The images below are easily available ‘tourist items’ but unique as examples of the underlying First Truths I’m certainly looking at and the dynamic synergy between (wood and stone) craft and design that speaks of an author – a unique individual – who knows their craft and has a voice within it and the forms of their cultural group.


AFW has Irish (convict) and possibly Romany(farm laborer) antecedents to call his own its true  – he’s not indigenous – he’s not a politician – a policy maker. Where then does he get the gall, in the company he keeps to speak for issues he can’t claim as his own? He’s a designer. And is working on his own Grave Goods . A journal of a journey – his legacy if you like – not a Phd . Of value only to himself and  others who might share his belief  that design is ‘a doing word’ – and that you don’t stop doing till you die . It’s a human thing. And only conveniently in an industrialised world – a commodity.

 Defining design professionalism for AFW over 50 years continues to be an often arduous work in progress. The work itself was always been demanding but rewarding, only very occasionally morally conflicted. However it is possibly only in design education, always on the fringes of academia never completely of it and never far from practice, he enjoyed the greatest vindication –  that what he did had worth. And because what he did was all he could do, he has had a very fulfilling life.

 Some years ago he designed a tapestry for his university Chancellery on the theme of a Cicero quote (in Latin) – the planter doesn’t necessarily benefit from the harvest. Philosophically a moot point for a modern university but definitely true for this educator – except in one small but not insignificant way. The tapestry was a collaborative involvement. One in which the weaver’s workshop received all credit due and the designer – Respect. And he was satisfied with that.

 His present involvement in Sarawak, teaching, learning, contributing where possible to ICOGRADA’s effort to launch INDIGO with a 2012 conference as an integrating indigenous/local design knowledge network reminds him of his special satisfaction with the process and outcome to the tapestry project. And the currency of his compensation. In designating him an INDIGO Ambassador the ICOGRADA board was paying forward for much work yet to be done.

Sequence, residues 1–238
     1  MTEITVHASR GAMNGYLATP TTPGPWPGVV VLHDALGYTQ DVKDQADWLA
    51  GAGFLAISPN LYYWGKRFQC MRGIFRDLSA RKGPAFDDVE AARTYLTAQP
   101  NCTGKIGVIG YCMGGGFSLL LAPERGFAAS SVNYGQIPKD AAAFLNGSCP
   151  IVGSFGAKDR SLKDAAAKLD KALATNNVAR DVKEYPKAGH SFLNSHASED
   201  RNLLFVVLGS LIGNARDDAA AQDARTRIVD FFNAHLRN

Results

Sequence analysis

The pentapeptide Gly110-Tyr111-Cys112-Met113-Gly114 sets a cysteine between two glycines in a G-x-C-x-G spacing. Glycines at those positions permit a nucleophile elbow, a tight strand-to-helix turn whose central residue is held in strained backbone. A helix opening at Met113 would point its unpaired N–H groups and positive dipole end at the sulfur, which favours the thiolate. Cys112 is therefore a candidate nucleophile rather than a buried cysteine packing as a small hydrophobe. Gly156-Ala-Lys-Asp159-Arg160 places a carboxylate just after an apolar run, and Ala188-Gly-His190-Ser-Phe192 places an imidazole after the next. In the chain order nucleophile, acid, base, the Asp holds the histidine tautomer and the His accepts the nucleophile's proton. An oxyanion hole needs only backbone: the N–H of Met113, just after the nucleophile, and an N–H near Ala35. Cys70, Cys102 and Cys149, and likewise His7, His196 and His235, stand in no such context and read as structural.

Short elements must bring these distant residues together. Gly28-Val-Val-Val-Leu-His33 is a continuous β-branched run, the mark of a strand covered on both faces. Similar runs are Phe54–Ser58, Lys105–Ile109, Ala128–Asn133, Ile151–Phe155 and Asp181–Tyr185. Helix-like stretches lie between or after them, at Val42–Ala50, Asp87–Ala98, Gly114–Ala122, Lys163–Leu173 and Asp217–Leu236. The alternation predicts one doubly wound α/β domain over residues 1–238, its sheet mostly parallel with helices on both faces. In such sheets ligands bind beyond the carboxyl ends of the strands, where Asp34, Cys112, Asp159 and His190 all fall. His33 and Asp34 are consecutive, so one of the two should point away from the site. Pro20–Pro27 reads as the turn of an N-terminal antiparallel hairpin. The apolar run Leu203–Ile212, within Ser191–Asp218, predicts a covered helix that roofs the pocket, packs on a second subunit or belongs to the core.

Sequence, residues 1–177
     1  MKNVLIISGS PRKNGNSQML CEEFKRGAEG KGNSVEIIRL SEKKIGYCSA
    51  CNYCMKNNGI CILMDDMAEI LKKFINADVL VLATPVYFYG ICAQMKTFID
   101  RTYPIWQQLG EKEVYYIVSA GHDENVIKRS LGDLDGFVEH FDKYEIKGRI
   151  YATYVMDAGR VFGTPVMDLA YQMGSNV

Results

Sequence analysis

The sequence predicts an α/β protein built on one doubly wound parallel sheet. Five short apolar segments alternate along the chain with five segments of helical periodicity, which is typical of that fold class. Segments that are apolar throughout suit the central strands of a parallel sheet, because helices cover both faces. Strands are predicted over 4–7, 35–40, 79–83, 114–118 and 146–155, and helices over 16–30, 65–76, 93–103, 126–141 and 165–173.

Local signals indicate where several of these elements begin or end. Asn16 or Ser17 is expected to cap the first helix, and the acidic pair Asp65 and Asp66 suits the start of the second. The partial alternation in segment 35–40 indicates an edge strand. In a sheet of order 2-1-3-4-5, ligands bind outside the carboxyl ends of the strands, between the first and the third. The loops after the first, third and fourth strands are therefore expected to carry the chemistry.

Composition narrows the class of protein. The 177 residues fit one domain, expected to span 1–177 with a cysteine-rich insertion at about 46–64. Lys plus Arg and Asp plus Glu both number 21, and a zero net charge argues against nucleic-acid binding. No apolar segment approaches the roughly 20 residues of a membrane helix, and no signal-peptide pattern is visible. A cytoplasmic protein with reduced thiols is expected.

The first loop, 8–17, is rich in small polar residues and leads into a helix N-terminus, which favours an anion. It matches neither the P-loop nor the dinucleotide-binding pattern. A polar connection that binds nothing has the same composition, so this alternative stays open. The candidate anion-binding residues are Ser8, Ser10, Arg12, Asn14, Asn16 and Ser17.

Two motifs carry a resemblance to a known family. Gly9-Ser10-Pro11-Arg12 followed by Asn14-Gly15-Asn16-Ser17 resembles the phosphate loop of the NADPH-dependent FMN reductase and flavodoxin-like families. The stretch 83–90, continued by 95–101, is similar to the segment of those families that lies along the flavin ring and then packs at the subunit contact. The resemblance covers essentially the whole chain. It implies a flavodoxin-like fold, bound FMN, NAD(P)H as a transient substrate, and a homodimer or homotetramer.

Over this year and into next year AFW will be annotating his experience of this Good Place – Sarawak, its Nice People and the creation of the event through a personal, ongoing journal – a (we)b log. His responses to experiences, discoveries and/or rediscoveries are personal but not private and are there to be commented upon, argued with and of course ignored. They will at times be all about the teaching and learning and the planning of the conference but just as often about the other Small World of Ward, as it moves from orbiting the sun of family and career spinning slower and lower – closer to the earth – and the shared first truths he has rediscovered here, to have a great need of, respect for and a desire to protect.

 The First Truths in the culture AFW left behind, have been largely displaced or obscured. Overwhelmed by ‘new better’ constructs and the smoke and mirrors of argument. On the ground in Sarawak however he finds them still shared not through any precise understanding of them but through a continuing, intuitive reliance on them .

Finally…Dear Reader

As the ark of ‘precise language’ is lifted higher in the Nether World by new priests of Design, the imprecise language of people shaping this Small World into an interface comprehensible to themselves  continues – and Indigenous Knowledge – The First Truths – prevail. But are in need of acknowledgement – Respect – and  direct action –  to survive.

This link will take you to a point in the journal in February 2011 when the author arrived in Sarawak. Forward from there will bring you to the present. Backward will take you back to the beginning of a fine madness around January 2010.


Easter Sunday 2011

2 Responses to “GRAVE GOODS”

  1. Azuar Says:

    Agree with the point that for indigenous knowledge to survive, it needs to be treated with respect


    […] GRAVE GOODS […]

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